Fitbit Pay Joins an Already Crowded Mobile Payments Arena
Fitbit recently unveiled their first smartwatch, called Fitbit Ionic, which will support NFC contactless payments with their mobile wallet called Fitbit Pay. Fitbit Pay will be compatible with Visa, MasterCard and American Express cards issued by partner banks and is expected to launch with the Fitbit Ionic smartwatch in October.
While the market for mobile contactless payments hasn’t taken off as quickly as many expected, it’s been a much tougher road for those competing in the wearables market. Fitbit fell short of last holiday seasons’ projected sales while Apple seemed to overestimate demand for their smartwatch. While the Apple Watch didn’t quite provide the boon in adoption of Apple Pay the company had hoped for, Fitbit Pay may lead to more active lifestyle persons adopting contactless payments, at least when they’re out for a run.
While an Apple Watch is more like a smartphone on your wrist, the Fitbit Ionic is still meant to be used as your primary fitness tracker, but with many smartwatch capabilities like NFC, apps and many options for digital watch faces. Features of Fitbit Pay also are geared more towards their current, active lifestyle customer base. Fitbit Pay is more intended to be used for convenience when someone is out on a bike ride or jog. It carries a maximum transaction amount limit of $50 in the United States and £30 in the United Kingdom, which should be plenty for someone who wants to exercise and leave their wallet at home. Beyond payments, NFC technology can be used to lock and unlock doors, meaning you could go out on a long walk or run with one wearable device that includes your mobile wallet, keys and fitness tracker.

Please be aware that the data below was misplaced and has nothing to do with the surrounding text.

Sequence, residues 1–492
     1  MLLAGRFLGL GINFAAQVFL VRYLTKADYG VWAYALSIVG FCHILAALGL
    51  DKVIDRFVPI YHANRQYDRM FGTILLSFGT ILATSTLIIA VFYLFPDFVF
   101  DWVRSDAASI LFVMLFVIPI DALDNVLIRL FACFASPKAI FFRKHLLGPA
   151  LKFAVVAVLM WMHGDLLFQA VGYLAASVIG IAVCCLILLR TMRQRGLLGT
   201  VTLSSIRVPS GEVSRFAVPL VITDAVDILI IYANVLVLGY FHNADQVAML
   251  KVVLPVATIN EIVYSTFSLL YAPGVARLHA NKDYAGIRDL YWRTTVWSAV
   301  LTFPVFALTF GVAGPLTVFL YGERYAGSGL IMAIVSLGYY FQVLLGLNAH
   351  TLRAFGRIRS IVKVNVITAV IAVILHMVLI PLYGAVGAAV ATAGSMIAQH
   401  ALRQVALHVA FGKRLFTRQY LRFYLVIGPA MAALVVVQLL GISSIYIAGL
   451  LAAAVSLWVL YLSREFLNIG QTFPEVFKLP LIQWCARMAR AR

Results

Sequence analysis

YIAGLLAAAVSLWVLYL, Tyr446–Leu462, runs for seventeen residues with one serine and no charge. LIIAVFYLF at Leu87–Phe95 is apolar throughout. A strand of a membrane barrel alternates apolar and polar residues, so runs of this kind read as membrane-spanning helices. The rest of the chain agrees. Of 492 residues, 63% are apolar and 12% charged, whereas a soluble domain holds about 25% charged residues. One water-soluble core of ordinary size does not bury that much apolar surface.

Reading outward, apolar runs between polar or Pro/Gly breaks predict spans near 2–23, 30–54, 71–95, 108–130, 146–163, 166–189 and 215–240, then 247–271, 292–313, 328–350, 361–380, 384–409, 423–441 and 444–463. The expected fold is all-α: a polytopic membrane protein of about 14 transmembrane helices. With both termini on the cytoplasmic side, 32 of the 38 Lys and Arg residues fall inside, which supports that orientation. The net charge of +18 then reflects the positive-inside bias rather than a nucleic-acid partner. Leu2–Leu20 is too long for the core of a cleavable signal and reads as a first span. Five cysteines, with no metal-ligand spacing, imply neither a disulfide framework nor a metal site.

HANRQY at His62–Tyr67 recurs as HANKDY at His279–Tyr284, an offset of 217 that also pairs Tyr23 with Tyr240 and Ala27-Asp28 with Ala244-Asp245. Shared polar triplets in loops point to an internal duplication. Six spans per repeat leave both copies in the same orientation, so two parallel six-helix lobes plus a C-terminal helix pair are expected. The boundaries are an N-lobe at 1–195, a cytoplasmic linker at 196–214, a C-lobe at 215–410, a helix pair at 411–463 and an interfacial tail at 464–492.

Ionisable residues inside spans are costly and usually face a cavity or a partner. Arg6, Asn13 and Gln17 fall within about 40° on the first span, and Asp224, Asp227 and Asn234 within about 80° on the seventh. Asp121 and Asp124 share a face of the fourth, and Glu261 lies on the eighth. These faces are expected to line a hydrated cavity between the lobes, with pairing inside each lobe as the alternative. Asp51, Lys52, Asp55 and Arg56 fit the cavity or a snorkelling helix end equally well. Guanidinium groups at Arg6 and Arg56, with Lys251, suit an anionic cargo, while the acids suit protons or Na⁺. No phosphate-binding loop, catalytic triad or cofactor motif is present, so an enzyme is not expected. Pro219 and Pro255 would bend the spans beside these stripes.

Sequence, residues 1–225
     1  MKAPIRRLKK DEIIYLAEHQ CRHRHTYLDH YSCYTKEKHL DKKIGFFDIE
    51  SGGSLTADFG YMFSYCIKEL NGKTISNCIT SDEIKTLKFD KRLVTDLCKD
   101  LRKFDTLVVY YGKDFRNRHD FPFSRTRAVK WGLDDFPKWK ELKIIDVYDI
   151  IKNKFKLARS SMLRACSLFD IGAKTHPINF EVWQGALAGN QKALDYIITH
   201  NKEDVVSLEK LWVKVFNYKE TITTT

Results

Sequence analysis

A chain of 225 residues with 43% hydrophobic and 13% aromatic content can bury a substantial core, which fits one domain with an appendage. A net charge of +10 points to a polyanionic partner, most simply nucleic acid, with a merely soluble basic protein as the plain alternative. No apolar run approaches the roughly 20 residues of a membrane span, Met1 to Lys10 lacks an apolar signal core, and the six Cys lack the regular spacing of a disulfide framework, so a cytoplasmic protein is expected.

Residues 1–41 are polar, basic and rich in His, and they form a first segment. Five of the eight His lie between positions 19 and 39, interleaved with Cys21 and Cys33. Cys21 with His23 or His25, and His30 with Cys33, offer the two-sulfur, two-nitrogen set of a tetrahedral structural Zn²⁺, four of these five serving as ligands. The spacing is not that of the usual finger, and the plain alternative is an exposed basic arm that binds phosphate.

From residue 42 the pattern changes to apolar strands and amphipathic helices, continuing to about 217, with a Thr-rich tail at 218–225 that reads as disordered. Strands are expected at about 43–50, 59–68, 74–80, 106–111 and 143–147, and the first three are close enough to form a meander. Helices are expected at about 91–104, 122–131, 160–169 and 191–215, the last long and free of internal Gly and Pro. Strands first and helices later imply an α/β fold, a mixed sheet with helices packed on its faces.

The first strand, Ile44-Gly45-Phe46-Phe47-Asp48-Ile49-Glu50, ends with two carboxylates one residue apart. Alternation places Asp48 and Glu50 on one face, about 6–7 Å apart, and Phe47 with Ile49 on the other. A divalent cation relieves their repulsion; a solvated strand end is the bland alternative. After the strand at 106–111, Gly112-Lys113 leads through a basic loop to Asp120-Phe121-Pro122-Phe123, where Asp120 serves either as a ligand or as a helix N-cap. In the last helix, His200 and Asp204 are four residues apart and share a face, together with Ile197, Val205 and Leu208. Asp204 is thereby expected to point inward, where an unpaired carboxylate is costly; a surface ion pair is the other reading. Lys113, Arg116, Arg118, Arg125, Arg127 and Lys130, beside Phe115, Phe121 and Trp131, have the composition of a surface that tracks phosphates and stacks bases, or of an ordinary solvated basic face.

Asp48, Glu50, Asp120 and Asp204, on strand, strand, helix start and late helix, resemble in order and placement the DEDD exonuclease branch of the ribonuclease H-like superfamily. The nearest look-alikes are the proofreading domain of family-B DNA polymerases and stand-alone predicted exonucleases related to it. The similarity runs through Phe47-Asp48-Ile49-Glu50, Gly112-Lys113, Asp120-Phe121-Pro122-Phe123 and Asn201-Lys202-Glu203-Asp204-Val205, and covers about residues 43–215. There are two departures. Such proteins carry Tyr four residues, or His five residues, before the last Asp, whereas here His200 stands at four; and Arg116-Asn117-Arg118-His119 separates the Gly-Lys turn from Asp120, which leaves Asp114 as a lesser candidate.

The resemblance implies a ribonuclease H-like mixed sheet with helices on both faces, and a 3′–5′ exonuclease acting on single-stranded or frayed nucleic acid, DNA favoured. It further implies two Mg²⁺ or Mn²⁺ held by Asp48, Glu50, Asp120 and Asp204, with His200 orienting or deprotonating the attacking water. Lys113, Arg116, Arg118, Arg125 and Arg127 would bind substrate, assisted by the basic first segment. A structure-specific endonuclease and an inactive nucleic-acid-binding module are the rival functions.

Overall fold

Whether the convenience of being able to wear your fitness tracker, watch, wallet and keys all on your wrist will drive more contactless payments will be seen after the Fitbit Ionic launches in October. While it will be accepted everywhere Apple Pay, Android Pay and other NFC-based payment methods are accepted, that is only half the battle. Consumers must also be able to use the payment cards they prefer to use within the mobile wallet.
Fitbit Pay will work with American Express as well as MasterCard and Visa cards issued by participating banks. So far Fitbit has announced partnerships with major card issuers including Bank of America, US Bank, Capital One, HSBC and Royal Bank of Canada, with others expected to be announced soon. When the Fitbit smartwatch debuts in October, Fitbit Pay will be available in the US, UK and Australia.
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